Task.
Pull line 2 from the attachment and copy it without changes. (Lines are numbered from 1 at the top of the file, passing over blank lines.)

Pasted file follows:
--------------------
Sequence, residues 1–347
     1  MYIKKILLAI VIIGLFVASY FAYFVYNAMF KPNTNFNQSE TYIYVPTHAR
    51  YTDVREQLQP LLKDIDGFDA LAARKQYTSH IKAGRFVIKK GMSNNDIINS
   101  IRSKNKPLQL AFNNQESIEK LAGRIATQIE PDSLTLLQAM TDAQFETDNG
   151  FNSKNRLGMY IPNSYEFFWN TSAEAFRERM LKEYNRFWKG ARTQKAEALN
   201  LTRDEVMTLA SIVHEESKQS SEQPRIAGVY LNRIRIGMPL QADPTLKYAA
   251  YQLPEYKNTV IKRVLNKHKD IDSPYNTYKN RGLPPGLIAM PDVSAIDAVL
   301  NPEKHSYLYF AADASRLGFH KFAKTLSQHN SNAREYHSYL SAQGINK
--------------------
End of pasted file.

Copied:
     1  MYIKKILLAI VIIGLFVASY FAYFVYNAMF KPNTNFNQSE TYIYVPTHAR